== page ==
IA: I think it is fear. After 9/11, the Muslim community was targeted. It was explicitly targeted as the group you should fear the most. It wasn’t about skin color, it was this if you weren’t a Muslim, you should fear Muslims. Muslims were taken in general, as the ones who should be held accountable for what happened on 9/11. And I think that the amount of hate, and fear that has built up over these years, has led to this extreme Islamophobia. Over the years, society has legitimized the rhetoric, and has allowed language not to be truly defined, like the words “Islam” and “radicalism”, which has been very detrimental to our faith, a faith that is growing and growing. You ask why it is growing, when it is perceived to be this radical faith, and again I remind people, that most people don’t practice violently. I want you to go ask a Muslim, what Islam means to them, and I’m sure many of them would agree with me in the way I believe the faith actually is.

But again, we’ve seen this explicit target on the Muslim community. This fear has caused all of this Islamophobia, and xenophobia. Which is why we are at this point with the President, who has repeatedly built memos that completely target Muslims. It is fear that drives people.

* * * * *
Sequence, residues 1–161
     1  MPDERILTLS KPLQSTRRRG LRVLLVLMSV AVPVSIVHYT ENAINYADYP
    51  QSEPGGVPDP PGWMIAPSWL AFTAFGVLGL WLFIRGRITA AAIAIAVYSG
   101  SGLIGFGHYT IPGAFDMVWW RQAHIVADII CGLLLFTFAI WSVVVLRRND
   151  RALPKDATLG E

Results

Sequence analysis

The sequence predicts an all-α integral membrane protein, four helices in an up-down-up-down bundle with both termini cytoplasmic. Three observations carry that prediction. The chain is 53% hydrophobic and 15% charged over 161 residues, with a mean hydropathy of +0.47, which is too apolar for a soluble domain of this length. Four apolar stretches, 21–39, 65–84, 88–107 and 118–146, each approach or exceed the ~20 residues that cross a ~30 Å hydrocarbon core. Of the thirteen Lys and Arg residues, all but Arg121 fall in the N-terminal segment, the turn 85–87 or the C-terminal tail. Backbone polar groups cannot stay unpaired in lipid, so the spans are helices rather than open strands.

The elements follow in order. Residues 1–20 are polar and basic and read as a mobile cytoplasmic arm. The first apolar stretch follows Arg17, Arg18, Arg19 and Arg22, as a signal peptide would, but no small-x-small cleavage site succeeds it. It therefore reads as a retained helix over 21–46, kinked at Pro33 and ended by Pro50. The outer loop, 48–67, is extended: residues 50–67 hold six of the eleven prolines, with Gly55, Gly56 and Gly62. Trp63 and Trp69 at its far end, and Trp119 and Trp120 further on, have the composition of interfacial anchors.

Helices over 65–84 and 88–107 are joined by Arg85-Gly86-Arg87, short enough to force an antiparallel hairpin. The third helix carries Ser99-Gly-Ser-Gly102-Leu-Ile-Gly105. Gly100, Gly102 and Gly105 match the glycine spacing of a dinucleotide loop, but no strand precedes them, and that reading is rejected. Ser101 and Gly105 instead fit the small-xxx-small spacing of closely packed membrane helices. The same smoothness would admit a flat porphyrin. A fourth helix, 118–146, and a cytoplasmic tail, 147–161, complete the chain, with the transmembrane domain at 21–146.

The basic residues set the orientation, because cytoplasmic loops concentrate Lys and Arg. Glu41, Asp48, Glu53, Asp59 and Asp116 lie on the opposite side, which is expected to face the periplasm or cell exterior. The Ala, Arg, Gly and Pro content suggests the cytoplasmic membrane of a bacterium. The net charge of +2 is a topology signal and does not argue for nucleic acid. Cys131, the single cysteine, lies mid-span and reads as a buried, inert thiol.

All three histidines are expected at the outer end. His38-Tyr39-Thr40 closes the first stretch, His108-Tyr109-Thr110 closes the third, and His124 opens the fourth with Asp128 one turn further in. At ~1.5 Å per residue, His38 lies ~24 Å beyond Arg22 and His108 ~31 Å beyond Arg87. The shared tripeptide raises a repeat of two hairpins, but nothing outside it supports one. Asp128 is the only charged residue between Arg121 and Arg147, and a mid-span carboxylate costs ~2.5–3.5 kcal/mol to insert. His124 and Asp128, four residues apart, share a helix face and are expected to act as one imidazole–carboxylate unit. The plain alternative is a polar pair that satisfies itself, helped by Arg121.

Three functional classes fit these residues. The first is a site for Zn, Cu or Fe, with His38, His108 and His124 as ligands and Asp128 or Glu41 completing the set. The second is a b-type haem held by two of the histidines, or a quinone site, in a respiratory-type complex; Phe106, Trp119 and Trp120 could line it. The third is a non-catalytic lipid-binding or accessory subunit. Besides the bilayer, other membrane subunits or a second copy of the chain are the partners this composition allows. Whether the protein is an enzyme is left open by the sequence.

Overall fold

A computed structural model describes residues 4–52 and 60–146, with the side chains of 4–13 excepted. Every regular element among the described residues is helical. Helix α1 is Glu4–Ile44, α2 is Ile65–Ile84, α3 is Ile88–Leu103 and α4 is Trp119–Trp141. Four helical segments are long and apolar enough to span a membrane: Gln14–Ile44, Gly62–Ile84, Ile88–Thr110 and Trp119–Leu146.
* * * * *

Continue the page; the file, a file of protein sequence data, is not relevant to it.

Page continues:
The level of surveillance on the community has changed. A lot of rights have been compromised. A lot of the work I do is to try and make sure communities aren’t targeted and their rights aren’t being compromised just because of who they are and what they believe.

SG: You mentioned a few things- there are 1.8 billion Muslims, and that people, after 9/11 felt that all Muslims should be held accountable. So often, we hear the rhetoric, from people like Bill Maher for example, that if there are 1.8 billion Muslims, and the majority don’t believe or support the actions of the radical few, then why don’t we hear much from the majority rising against the few. What would your answer be to that?